TAKE ACTION: Dream a little. Pray for God to guide you. Explore new things. Get involved. Check it out. Become a ministry partner at Living Word. Join in regularly with our Seasons of Service. Be a part of another organization that is making a difference in the lives of people.
You really do matter, to God and to others.
DAY 4: People Matter to God
1 Peter 4:7–11, 5:2–4; Galatians 5:13–14
Because people matter so much to God, then people must matter to you. However, not all people can matter equally to you. You must be selective.Who are the most significant people in your life? What follows is going to be hard, but try your best. Write down the names of the people you choose for each question.
- Who are your three to five most important family members?
- Who are your two or three most important work colleagues?
- Who are your one or two most substantial friendships?
- Who are your one or two most significant non-Christian or unchurched people in your life?
- Who is your Just One VIP that Jesus wants you to give a great amount of time, prayer, love, service, and conversation to, so that they may encounter God and connect with Jesus for salvation?
These are your core groups and closest circle of people. For each person, ask the following questions:
- In what ways is that person better, happier, stronger, healthier, and flourishing because of your presence in their life?
- If there is ONE single most important change and development you would love for this person to experience, what is it and how can God use you to be part of that experience?
A life full of meaning and purpose will involve these people. What you do with and for them is core to your identity. What words will you use to describe yourself as you interact with them for their flourishing? Those words will be part of your identity.
REFLECT: Do you have the spiritual strength to love these people unconditionally, serve them faithfully, challenge them wisely, and be relentlessly developmental with them?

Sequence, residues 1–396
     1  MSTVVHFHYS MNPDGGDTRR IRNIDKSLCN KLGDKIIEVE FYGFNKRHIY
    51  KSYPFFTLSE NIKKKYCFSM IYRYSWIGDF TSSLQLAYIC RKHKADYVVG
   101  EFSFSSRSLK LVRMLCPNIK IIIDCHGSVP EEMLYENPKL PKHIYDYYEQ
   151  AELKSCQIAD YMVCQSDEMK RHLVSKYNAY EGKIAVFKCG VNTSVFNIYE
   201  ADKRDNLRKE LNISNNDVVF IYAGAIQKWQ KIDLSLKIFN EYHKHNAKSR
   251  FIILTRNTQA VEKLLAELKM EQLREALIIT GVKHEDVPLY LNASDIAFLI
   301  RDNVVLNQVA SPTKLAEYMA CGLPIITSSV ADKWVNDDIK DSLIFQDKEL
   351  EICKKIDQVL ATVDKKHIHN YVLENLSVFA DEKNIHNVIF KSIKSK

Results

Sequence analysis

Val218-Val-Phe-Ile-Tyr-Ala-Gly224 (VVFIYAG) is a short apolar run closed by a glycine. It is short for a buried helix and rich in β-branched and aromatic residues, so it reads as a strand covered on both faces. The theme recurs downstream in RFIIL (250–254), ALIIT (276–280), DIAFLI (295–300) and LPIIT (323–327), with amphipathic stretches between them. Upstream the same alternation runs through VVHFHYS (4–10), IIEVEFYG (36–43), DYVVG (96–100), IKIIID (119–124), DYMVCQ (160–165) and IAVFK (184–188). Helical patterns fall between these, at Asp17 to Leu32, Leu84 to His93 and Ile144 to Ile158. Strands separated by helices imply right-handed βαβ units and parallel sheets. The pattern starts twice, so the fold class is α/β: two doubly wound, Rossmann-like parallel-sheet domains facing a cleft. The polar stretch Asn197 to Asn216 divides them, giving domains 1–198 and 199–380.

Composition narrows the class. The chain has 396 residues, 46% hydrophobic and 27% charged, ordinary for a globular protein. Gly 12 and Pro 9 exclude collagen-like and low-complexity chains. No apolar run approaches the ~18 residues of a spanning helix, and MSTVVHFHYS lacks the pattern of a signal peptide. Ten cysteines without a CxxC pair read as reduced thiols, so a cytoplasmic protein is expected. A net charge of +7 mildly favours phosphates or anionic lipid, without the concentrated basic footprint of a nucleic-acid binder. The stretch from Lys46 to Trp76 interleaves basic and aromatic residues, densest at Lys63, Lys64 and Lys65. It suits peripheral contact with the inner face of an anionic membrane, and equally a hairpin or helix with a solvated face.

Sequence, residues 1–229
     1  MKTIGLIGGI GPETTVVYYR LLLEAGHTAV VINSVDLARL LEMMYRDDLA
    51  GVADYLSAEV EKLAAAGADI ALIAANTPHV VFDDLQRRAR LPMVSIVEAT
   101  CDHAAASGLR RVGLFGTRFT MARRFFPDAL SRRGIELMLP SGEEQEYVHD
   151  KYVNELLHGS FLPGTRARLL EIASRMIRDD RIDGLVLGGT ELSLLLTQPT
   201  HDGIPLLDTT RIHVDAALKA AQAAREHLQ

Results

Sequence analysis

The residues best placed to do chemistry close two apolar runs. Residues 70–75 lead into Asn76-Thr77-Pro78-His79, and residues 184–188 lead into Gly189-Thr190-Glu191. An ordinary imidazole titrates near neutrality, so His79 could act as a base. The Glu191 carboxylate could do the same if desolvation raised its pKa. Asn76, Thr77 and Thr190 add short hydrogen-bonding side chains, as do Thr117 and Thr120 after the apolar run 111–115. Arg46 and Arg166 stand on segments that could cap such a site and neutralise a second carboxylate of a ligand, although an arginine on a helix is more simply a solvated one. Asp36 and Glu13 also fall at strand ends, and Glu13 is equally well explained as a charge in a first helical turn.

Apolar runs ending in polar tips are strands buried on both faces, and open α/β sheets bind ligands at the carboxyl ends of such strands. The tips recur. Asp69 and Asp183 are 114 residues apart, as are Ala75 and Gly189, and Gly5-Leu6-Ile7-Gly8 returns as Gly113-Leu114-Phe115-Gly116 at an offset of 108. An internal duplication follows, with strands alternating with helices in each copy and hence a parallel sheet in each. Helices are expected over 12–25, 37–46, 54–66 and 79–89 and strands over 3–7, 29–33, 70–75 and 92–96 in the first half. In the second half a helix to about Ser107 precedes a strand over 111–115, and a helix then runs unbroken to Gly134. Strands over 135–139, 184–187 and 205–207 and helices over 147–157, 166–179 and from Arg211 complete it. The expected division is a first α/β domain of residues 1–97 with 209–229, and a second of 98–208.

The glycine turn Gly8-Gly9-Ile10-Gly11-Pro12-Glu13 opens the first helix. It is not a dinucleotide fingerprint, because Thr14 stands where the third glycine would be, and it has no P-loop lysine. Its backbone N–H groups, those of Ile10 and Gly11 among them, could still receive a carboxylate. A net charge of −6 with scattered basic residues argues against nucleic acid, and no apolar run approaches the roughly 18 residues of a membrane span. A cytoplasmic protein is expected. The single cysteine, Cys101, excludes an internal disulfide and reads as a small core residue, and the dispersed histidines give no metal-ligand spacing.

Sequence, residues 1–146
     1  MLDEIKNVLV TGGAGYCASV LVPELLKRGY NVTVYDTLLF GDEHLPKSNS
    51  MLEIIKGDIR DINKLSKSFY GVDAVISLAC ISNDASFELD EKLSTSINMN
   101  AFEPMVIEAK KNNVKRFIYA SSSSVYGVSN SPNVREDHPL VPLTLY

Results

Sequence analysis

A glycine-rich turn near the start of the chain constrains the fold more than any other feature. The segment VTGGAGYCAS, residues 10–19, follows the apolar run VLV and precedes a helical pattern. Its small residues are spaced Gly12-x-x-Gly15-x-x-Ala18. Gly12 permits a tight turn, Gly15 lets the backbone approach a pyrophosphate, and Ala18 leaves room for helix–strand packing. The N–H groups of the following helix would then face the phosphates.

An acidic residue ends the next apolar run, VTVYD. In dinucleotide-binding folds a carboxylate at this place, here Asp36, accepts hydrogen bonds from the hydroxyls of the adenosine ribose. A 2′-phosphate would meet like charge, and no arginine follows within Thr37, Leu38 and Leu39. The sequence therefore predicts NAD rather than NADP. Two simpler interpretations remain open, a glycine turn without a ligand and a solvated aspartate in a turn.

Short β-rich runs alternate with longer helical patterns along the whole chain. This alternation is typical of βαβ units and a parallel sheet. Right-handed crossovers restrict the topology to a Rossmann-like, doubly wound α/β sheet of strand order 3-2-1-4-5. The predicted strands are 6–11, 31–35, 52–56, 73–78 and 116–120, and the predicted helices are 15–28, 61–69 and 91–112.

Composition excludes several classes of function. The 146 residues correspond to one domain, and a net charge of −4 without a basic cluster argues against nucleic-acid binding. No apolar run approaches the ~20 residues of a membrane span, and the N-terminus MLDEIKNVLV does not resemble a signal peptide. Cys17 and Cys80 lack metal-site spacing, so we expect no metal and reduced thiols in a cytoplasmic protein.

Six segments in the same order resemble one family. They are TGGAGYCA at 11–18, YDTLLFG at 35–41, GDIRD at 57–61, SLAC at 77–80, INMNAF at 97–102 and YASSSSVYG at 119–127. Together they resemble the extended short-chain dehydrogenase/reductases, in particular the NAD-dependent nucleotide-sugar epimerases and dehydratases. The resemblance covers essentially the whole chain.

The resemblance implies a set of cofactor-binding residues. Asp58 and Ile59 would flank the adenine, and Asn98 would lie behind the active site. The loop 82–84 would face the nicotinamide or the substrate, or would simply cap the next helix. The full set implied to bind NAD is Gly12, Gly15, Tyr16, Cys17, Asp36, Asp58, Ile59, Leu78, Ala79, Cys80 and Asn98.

PRAY: Pray for the necessary grace, strength, and gifts to do what is needed for each person. Pray for each of those VIPs in your life.
DAY 5: The Gift of Yourself
Romans 6:1-14; Galatians 3:26-4:1
You have heard the phrase bucket list. It was introduced into popular culture in the 2007 comedy-drama called Bucket List that starred Jack Nicholson (as billionaire Edward Cole) and Morgan Freeman (as car mechanic Carter Chambers). They meet in a hospital room, both with a terminal illness and less than a year to live. They write down a list of things worth doing before they “kick the bucket.” The rest of the film is them checking off the items on their list.
What starts off to be a rather indulgent list of entertaining travel experiences begins to morph into a more meaningful list of relationships that need to be tended, healed, and treasured. The movie has some Hollywood excess, but real meaning as well. The irony of the movie is that most people create a bucket list, not of goodness, purpose, and meaning, but of self-indulgence, entertainment, and pleasure. The exact opposite conclusion of the movie!
What’s on your bucket list? Better yet, what are the truly worthwhile things you want to do in the years ahead? You don’t have to wait for a final year. Make a bucket list of worthy things to do, experience, try, and improve, including people to help and changes to make.
Can you make a list of 25 or 50 or 100 items? Keep a running list. Do two or three of them every year. Some things you can repeat, other items can be a once and done. Slowly build a portfolio of purpose. And do it with others. It does not have to be an individualistic list. Do it together with others. Pray, dream, write them down, and activate them into reality.
TAKE ACTION: Start your list. Add to it as years go by. Cross off completed items. Be blessed. Be changed. Glorify God in all things.